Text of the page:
Warren as school choice champion

Warren as school choice champion

Senator ambivalent on charter ballot question – but she’s been passionate supporter of school vouchers

WHEN ASKED ON Thursday about the November ballot question to raise the cap on charter schools in Massachusetts, Sen. Elizabeth Warren sounded a note of caution about the initiative.

“You know, I’m just concerned about the proposal and what it means for the children all across the Commonwealth,” Warren told reporters after delivering a speech at Roxbury Community College in Boston on the economic plight of the middle class. “Public officials have a responsibility not just to a small subset of children but to all of the children, to make sure that they receive a first-rate education.”

It sounded a lot like the argument of charter opponents, who have said any success of charters comes, literally, at the expense the district schools most students attend, since public funding follows students to whatever school they enroll at.

But Warren stopped short of saying she’ll vote no on the question. “Well, I want to hear more about what the plans are from this group that’s proposing it,” she said when asked how she plans to vote.

What may be giving Warren some pause is her longstanding embrace of a principle that is at the heart of arguments made by charter school proponents – that students’ ability to secure a quality education shouldn’t be dependent on where they live or their families’ income.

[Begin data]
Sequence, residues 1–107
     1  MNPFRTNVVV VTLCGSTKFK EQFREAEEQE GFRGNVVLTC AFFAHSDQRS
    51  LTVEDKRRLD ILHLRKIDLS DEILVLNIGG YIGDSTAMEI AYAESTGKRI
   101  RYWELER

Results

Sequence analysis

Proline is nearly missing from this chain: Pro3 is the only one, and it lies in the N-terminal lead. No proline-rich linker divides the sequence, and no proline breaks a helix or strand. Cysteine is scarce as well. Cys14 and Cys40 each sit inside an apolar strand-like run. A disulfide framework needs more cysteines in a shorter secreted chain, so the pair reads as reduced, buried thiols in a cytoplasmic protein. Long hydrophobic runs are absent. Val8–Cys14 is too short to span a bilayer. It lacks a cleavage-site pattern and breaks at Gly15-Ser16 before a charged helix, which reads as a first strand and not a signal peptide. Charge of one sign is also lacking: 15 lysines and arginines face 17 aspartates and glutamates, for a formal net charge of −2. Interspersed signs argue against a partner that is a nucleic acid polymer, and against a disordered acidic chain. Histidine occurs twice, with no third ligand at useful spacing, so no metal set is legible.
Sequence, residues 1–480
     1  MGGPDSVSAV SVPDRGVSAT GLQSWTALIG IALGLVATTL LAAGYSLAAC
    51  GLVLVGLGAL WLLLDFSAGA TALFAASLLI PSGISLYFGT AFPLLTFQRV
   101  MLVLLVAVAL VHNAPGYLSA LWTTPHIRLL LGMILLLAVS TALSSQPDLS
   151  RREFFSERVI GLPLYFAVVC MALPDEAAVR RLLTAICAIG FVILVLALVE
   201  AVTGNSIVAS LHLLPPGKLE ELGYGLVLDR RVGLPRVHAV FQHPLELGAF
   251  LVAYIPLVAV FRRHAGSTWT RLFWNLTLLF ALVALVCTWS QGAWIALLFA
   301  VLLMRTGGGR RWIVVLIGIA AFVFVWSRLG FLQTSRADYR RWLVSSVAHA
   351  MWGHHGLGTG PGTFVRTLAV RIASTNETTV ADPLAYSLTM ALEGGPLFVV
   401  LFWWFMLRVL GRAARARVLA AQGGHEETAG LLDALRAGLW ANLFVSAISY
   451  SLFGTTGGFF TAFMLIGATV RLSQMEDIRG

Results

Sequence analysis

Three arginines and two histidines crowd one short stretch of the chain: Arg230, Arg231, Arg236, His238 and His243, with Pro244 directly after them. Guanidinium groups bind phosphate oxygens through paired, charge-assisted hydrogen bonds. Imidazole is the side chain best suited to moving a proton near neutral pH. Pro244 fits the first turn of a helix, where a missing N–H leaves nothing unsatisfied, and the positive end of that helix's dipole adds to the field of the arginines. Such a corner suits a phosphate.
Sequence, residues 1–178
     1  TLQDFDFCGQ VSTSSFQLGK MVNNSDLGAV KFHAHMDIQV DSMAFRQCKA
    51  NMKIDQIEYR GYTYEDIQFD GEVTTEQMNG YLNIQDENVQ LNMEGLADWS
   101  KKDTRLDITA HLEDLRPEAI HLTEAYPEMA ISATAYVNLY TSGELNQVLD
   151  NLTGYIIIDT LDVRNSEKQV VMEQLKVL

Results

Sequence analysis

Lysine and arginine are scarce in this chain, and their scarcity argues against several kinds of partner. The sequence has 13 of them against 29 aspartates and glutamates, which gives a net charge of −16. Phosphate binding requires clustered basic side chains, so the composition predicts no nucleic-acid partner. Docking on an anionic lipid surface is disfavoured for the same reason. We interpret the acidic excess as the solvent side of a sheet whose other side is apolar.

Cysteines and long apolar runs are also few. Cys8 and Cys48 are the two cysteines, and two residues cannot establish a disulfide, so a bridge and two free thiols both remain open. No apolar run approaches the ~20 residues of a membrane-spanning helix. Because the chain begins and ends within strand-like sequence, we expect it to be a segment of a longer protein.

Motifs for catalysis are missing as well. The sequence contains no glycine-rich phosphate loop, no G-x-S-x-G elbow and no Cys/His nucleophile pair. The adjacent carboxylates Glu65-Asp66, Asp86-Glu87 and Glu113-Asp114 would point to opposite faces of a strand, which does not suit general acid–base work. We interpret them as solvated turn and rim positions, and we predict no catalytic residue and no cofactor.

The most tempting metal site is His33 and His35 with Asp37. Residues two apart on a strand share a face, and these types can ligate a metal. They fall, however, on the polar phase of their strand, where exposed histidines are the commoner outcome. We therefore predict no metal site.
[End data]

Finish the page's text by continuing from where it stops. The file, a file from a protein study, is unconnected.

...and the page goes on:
Charter school supporters say the publicly-funded, but independently-run, schools offer an alternative to families who live in a community with low-performing schools, most of whom do not have the financial wherewithal to move to another district with better schools.

The same argument is the basis for a proposal Warren made more than a decade ago that is even more disruptive of the educational status quo than charter schools – school vouchers.

In her 2003 book The Two-Income Trap, Warren offered a full-throated endorsement of a voucher system that would allow children to enroll at any public school within a large geographic region that crosses municipal boundaries.

Warren’s book, which she coauthored with her daughter, Amelia Warren Tyagi, focuses the economic stress facing middle-class families. The book argues that part of that financial burden is brought on by the pressure to buy a costly home in a community with well-regarded schools.